John Wilmot, 2nd Earl of Rochester

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    Analysis of Rochester's A Satyr Against Mankind Although John Wilmot, better known as the Earl of Rochester, wrote "A Satyr Against Mankind" in 1679, his ideas are still relevant over three centuries later. His foresight in satirizing humankind's use of reason reinforces the intrinsic role of rationality in the human condition. But implicit in his condemnation of rationality is an intentional fallacy—the speaker of the poem uses reason in the same

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    make one's cheeks rosy from embarrassment. John Wilmot, Second Earl of Rochester, and Jonathan Swift, were two satirist that

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    Obscenity in Rochester's Work "Rage at last confirms me impotent" (Rochester). How far is obscenity in Rochester's work motivated by disquiet with the world at large, and how successful is Rochester's ribaldry in fulfilling its satiric purpose? Rochester's poetry has been denounced by many as obscene and immoral. Samuel Johnson condemned his work and said that he lived and wrote "with an avowed contempt of decency and order, a total disregard to every moral, and a resolute denial of every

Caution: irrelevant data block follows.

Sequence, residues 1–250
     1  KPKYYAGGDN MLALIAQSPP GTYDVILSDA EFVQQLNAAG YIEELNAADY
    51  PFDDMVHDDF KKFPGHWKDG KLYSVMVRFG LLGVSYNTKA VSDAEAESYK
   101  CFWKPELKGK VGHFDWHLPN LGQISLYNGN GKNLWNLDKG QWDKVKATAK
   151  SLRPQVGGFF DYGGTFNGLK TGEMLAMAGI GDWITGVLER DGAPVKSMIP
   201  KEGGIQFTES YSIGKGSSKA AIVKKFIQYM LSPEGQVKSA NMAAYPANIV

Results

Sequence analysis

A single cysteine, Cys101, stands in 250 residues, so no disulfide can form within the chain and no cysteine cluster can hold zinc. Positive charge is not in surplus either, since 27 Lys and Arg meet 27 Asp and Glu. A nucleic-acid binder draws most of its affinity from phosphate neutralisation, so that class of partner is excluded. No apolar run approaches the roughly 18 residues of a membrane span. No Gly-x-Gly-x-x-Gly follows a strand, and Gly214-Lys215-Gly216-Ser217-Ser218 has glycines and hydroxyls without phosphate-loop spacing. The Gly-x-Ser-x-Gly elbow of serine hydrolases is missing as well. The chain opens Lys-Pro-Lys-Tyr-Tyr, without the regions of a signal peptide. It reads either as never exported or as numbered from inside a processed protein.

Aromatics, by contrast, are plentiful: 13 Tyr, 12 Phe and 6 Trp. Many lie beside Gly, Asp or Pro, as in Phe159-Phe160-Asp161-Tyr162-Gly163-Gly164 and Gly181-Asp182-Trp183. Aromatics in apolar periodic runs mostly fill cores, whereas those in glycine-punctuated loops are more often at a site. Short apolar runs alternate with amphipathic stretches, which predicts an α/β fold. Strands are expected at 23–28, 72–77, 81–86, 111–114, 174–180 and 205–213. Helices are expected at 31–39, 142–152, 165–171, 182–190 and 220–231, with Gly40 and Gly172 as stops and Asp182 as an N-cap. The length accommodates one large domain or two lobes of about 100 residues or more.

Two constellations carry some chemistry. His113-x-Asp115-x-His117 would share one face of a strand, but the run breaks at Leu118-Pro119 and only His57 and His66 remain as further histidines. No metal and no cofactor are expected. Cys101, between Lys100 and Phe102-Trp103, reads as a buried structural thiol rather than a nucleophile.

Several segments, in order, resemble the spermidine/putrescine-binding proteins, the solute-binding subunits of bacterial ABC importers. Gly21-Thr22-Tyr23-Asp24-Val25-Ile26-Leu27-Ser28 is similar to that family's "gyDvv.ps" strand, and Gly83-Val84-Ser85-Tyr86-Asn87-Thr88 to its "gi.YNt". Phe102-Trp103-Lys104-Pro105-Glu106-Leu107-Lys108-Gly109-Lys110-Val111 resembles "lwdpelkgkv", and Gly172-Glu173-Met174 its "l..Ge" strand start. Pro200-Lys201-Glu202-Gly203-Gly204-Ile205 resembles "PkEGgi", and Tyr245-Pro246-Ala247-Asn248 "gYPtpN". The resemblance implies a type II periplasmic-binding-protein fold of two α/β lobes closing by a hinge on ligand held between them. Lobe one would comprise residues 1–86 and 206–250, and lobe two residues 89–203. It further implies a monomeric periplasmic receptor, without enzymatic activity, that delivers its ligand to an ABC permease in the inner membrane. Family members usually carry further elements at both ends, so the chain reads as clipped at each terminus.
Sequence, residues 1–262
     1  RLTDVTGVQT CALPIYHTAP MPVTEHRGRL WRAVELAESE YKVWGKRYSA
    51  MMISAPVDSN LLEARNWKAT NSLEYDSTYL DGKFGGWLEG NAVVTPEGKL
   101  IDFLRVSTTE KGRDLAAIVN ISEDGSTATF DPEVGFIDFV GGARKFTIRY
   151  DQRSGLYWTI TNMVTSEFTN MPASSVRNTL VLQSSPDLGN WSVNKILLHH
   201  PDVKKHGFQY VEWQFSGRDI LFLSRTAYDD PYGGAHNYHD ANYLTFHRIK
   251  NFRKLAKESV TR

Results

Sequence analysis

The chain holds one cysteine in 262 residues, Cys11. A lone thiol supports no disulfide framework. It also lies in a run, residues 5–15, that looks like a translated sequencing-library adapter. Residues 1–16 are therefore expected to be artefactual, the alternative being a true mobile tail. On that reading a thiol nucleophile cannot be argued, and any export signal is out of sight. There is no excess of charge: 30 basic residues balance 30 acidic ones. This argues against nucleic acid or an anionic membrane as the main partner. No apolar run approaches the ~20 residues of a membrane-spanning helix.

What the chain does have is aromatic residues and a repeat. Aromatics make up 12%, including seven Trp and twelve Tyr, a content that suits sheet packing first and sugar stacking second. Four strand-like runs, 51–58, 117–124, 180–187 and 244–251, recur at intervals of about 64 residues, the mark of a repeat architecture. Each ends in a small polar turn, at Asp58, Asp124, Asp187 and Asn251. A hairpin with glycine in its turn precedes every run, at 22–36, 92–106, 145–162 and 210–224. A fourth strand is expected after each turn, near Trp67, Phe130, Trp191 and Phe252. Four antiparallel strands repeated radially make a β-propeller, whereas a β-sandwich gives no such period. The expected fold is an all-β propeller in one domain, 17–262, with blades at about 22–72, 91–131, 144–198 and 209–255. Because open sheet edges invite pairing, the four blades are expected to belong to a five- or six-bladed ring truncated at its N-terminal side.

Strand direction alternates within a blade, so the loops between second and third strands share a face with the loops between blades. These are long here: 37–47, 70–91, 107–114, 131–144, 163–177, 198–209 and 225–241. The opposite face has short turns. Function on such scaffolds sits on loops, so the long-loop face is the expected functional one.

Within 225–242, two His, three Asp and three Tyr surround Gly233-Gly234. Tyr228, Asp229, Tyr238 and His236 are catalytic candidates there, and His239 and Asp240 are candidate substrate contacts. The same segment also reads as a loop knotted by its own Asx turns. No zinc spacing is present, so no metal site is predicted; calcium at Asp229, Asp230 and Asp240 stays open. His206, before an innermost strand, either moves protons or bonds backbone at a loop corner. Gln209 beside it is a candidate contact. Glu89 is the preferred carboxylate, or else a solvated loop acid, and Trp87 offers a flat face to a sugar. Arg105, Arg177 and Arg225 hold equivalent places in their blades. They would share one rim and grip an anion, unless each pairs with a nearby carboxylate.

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    subjects. The Oxford English Dictionary defines the word ‘radical’ as “supporting complete political or social reform. Departing from tradition; new” (Soanes 740). When using this definition, both Aphra Behn’s work, “The Disappointment” and John Wilmot, Earl of Rochester’s work, “The Imperfect Enjoyment” are easily interpreted as such. Both poems discuss sexuality and gender in new, sometimes shocking ways. Behn’s poem offers astoundingly liberal views on female sexuality, considering the time period

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